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Black and Blue Movie Review

Black and Blue Movie Review
Police Flawed

"Black and Blue," the new crime drama from director Deon Taylor ("The Intruder") is a gritty exploration of community loyalties, police corruption, and the competing influences of choice and identity - and a pretty entertaining thriller as well. Set in New Orleans, the film stars Naomie Harris ("Rampage") as Alicia West, a Gulf War veteran returning to her home city to join the police force. Three weeks into her gig, the rookie cop offers to cover an extra shift for her more seasoned partner and finds herself smack in the middle of a brutal police-involved murder that unfolds with dizzying suddenness. Her position as a witness thrusts Alicia into a high-stakes hide and seek match where shifting allegiances could mean respite or betrayal, and trusting the wrong person will have life or death consequences.


"Black and Blue" refuses to pull punches from its opening scenes. Alicia, garbed in a dark blue hoodie and out for a run in the city's tony Garden District, is stopped and harassed by a pair of cops following up on a call about a "suspicious character." Even belatedly realizing that she's a fellow officer doesn't do much to reset their air of contempt; she'll never really be one of them.  The various facets of Alicia's identity - female, black, cop, veteran, local - are constantly at odds as she and her partner Kevin (Reid Scott, "Venom") patrol the city's Lower 9th Ward and note the still-visible effects of Katrina's devastation and post-storm abandonment. During a stop at a local market Alicia recognizes former pal Missy (Nafessa Williams, "Burning Sands") and shopkeeper Milo, aka Mouse (Tyrese Gibson, "The Fate of the Furious") but their reactions, ranging from hesitation to open hostility,  make it clear that in their eyes her current role as a cop supersedes her ties to the old neighborhood.

When Alicia inadvertently witnesses the shocking point-blank execution of a drug dealer by crooked narcotics detective Malone (Frank Grillo, "Reprisal") and his partner (Beau Knapp, "Destroyer"), her world is upended in a split second. Soon she's on the run, trying desperately to get out of the neighborhood and back to the station with her story and the evidence captured on her police-issued body-cam. She must evade not only Malone and the fellow officers that he craftily turns against her but also drug kingpin Darius (Mike Colter, Netflix's Luke Cage), who thinks she has murdered his nephew and puts a bounty out on her via local word of mouth.

The tension is palpable and immediate as Alicia dodges down alleys and side streets, begs shelter from homeowners who fearfully push her away, and hides in crawlspaces to evade her own brothers in blue. Deon Taylor directs with a sure hand; his action sequences crackle with energy, and he maintains balance through quieter character-building scenes that anchor the story and provide just enough respite before the next adrenaline-driven burst. Mr. Taylor's work here benefits from a skillful and self-assured lead performance by Ms. Harris, a seasoned actress with a range of performances in blockbusters ("Pirates of the Caribbean: At World's End," "Skyfall") and Oscar contenders ("Mandela: Long Walk to Freedom," "Moonlight") alike on her resume who's nonetheless just unfamiliar enough to audiences to retain a touch of ingénue freshness.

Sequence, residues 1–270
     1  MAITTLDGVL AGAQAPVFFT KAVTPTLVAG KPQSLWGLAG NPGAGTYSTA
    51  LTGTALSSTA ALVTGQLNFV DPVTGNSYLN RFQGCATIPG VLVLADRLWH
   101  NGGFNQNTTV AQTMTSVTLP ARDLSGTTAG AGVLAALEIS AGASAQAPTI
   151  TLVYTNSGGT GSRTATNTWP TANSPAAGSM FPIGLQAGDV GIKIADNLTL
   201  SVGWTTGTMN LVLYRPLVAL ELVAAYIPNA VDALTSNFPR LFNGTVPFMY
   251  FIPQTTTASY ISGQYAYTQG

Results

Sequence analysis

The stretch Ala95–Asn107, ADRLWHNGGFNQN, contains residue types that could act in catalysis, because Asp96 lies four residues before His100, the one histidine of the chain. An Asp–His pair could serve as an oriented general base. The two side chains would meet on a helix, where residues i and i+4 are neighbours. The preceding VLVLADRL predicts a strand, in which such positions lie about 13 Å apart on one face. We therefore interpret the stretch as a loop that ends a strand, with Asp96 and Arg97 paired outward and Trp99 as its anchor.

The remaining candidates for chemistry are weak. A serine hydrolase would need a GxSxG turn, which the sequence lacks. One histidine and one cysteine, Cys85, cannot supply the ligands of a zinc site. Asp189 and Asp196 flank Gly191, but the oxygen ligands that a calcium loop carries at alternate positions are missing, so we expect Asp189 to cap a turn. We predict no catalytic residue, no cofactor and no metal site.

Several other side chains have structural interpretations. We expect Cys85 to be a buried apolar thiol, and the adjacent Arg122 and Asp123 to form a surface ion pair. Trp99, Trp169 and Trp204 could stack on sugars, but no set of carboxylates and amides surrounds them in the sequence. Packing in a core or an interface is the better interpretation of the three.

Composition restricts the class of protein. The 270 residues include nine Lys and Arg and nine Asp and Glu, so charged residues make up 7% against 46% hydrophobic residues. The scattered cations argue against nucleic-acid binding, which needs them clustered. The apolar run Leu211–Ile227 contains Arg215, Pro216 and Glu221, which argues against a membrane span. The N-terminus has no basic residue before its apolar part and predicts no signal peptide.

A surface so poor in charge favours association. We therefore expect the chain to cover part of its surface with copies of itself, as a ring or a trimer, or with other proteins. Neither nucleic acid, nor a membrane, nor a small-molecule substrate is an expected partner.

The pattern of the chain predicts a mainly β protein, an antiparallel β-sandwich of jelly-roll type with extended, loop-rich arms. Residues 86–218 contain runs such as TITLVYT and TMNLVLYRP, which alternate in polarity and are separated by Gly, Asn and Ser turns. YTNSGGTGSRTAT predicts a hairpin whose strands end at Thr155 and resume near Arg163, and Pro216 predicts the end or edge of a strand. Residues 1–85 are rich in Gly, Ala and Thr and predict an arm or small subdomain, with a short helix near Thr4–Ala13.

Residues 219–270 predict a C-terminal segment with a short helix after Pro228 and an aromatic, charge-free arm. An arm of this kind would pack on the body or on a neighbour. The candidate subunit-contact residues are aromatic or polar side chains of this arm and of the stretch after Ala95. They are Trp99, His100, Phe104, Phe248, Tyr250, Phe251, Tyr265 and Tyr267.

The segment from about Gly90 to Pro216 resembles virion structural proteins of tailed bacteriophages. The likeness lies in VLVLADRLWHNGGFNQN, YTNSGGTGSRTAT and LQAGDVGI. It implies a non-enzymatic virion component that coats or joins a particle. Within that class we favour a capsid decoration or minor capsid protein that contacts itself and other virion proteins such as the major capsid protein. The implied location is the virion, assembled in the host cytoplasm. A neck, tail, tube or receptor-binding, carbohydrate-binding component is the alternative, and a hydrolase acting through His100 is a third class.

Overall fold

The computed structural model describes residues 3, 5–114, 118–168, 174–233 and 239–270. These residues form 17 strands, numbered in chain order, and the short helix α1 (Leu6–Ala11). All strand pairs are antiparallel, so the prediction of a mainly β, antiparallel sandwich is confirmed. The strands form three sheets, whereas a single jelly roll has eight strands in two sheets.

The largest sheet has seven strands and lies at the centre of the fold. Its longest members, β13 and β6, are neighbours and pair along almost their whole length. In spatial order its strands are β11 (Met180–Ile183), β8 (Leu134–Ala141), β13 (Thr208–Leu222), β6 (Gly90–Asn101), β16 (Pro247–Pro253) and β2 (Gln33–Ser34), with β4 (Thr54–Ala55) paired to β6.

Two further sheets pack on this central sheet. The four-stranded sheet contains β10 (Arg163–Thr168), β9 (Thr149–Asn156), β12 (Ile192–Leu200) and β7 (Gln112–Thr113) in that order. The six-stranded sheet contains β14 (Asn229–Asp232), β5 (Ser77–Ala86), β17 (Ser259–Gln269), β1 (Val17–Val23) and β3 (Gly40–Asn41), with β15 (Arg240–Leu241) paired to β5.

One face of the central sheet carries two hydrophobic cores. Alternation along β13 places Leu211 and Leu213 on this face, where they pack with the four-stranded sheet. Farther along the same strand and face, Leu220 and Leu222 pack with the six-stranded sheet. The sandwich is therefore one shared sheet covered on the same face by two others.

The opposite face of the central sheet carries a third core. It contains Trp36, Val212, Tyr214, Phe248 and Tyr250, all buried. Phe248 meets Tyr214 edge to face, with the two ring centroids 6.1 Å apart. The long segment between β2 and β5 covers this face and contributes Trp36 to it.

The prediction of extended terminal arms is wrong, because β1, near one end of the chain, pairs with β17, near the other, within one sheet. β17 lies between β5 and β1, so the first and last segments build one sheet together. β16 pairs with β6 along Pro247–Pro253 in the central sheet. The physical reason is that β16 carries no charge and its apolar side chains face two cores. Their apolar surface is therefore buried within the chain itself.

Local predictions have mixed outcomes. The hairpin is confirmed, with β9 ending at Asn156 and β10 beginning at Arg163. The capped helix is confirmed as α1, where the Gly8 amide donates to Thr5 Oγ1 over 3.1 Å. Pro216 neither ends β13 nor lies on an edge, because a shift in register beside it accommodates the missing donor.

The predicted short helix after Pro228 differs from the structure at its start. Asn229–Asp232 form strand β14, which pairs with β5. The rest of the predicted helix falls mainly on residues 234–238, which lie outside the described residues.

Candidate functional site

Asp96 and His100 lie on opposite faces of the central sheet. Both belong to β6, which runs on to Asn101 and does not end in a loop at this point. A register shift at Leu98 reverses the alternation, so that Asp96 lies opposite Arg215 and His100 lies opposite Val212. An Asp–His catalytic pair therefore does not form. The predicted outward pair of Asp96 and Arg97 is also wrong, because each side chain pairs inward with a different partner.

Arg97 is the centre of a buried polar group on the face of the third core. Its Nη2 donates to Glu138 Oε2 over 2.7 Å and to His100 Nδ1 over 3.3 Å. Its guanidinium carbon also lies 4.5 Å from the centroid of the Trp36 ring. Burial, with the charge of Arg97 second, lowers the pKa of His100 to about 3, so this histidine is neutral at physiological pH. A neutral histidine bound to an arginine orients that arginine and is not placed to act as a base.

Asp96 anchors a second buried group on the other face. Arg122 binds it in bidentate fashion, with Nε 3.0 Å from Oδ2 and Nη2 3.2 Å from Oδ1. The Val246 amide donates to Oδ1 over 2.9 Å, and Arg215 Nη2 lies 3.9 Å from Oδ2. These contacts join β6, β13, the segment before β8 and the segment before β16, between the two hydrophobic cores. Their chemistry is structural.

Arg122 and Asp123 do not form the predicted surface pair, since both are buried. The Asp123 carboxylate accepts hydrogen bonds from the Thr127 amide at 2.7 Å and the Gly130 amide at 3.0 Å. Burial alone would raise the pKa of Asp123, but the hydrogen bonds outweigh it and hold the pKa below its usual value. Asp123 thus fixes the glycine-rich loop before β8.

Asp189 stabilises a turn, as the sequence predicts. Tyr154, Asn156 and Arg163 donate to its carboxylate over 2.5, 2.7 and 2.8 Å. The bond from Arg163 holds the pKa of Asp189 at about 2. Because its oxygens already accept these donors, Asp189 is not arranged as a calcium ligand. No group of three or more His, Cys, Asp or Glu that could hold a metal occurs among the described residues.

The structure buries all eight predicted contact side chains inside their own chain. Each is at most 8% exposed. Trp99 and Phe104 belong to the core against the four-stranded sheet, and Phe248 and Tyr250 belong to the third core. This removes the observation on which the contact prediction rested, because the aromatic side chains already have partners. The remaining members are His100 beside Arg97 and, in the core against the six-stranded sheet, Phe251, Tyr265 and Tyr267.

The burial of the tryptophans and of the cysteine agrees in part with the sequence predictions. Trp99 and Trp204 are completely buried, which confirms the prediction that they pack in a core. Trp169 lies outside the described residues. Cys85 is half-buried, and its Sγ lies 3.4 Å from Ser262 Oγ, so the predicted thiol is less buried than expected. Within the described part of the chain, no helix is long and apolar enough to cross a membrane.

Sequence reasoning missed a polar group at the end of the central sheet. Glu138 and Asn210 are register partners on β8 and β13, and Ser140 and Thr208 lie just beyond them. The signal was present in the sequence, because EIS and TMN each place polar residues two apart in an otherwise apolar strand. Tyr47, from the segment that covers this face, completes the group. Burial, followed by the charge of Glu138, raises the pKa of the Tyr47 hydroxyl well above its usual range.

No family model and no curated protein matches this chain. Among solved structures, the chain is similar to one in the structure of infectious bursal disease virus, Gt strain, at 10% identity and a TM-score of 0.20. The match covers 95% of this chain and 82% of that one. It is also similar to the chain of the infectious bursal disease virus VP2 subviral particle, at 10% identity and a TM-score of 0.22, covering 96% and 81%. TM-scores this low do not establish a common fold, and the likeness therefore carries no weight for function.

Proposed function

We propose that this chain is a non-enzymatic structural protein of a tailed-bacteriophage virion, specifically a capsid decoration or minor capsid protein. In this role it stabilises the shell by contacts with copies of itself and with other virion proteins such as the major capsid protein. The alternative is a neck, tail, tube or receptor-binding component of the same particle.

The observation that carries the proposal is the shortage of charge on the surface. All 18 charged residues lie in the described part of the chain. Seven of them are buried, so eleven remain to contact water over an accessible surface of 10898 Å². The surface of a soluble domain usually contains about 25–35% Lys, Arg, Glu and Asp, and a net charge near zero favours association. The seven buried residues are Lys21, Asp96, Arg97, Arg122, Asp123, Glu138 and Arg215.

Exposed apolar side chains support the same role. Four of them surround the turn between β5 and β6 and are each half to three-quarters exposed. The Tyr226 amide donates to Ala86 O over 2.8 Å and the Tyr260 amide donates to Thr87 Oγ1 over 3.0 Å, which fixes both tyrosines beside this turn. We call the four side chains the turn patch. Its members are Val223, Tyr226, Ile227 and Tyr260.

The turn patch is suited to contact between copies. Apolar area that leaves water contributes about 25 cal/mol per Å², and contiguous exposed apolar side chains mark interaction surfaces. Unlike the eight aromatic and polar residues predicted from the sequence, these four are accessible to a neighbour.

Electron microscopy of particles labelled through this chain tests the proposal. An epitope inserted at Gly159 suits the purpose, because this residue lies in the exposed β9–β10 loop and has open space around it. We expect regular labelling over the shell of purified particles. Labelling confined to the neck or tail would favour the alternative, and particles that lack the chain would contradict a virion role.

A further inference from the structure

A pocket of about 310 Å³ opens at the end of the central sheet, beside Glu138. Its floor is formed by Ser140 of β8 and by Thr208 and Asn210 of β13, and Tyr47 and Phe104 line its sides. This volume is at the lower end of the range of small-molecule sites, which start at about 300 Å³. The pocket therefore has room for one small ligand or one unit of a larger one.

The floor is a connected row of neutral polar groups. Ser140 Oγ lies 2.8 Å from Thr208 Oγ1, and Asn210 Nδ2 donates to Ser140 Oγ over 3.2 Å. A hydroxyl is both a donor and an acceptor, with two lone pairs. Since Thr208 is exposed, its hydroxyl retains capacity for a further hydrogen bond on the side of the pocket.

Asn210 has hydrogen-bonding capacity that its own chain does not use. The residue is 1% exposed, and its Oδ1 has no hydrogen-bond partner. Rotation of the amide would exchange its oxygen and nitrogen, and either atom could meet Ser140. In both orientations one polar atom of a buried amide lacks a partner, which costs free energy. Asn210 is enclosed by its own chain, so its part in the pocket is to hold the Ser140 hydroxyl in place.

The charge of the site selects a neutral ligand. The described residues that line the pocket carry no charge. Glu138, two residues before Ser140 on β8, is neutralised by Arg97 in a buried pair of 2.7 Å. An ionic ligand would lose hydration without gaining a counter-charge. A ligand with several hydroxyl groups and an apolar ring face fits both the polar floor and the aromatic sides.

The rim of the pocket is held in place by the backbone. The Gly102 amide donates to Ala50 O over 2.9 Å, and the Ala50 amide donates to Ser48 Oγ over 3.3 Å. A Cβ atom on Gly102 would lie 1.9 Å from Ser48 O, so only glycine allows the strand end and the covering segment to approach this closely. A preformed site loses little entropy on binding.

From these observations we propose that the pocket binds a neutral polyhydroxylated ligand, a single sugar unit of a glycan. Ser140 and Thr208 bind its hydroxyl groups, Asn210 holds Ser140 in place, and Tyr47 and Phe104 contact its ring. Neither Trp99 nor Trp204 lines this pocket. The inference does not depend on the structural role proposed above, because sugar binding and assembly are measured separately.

Equally strong is Tyrese Gibson as the stoic Mouse, whose entanglement in Alicia's predicament leads to his own painful clash with a few overeager cops. Mr. Gibson's well-modulated work conveys a realistic mix of the anger, humiliation, and fear that one expects would color such a moment of overt victimization. Also notable are Mr. Grillo's smug turn as Malone, the corrupt detective who's spent the post-Katrina years honing his personal justifications for bad behavior, and James Moses Black ("Cut Off") as Deacon, the older cop with a resigned, seen-it-all air.

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Standing out against these performances - and not for the better - is Mike Colter as Darius, the colorful to the point of cliché drug dealer whose word is law on the down and out side of the city. Overplaying here is an odd misstep for Mr. Colter; he ably carried two seasons of Luke Cage, and he's terrific as the unflappable, deeply pensive priest on CBS's quirky breakout drama Evil. Mr. Taylor's otherwise effective direction isn't helping either, as he gives in to the temptation of dramatic entrances and slo-mo underscoring for many of Mr. Colter's scenes.

That aside, "Black and Blue" is somewhat heavy-handed with the political messaging, but it's also a film that's very much of its time and place. This is a view of The Big Easy that doesn't always make it to the screen - when was the last time you saw a film about New Orleans that didn't shoot a single frame in the French Quarter? - and Mr. Taylor makes skillful use of the city's less overexposed locales. The cinematography effectively conveys Alicia's sense of isolation - her precinct HQ is simultaneously close enough to see via downtown's high-rise buildings in the near distance, and frustratingly impossible for her to reach. This is also the sort of story that delights in tantalizingly setting up possible routes to safety and then methodically blocking them, forcing the increasingly desperate Alicia to exercise her wits, experience, and sheer determination as she fights to do the right thing. "Black and Blue" runs a little long - some judicious editing in the third act wouldn't have gone amiss - but it's energetic and entertaining, and Ms. Harris's Alicia is a runner worth rooting for.


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